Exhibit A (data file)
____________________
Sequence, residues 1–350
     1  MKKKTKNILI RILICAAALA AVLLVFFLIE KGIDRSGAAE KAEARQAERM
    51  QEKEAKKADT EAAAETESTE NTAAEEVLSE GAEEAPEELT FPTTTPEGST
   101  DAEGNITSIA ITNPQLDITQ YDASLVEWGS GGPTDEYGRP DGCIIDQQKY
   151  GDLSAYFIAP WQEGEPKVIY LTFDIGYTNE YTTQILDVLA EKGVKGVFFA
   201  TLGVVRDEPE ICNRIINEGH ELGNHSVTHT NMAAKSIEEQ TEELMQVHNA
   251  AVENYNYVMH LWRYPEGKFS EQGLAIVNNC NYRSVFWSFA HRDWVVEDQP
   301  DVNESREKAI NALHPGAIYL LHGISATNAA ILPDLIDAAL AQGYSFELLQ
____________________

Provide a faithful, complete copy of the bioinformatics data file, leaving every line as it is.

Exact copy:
Sequence, residues 1–350
     1  MKKKTKNILI RILICAAALA AVLLVFFLIE KGIDRSGAAE KAEARQAERM
    51  QEKEAKKADT EAAAETESTE NTAAEEVLSE GAEEAPEELT FPTTTPEGST
   101  DAEGNITSIA ITNPQLDITQ YDASLVEWGS GGPTDEYGRP DGCIIDQQKY
   151  GDLSAYFIAP WQEGEPKVIY LTFDIGYTNE YTTQILDVLA EKGVKGVFFA
   201  TLGVVRDEPE ICNRIINEGH ELGNHSVTHT NMAAKSIEEQ TEELMQVHNA
   251  AVENYNYVMH LWRYPEGKFS EQGLAIVNNC NYRSVFWSFA HRDWVVEDQP
   301  DVNESREKAI NALHPGAIYL LHGISATNAA ILPDLIDAAL AQGYSFELLQ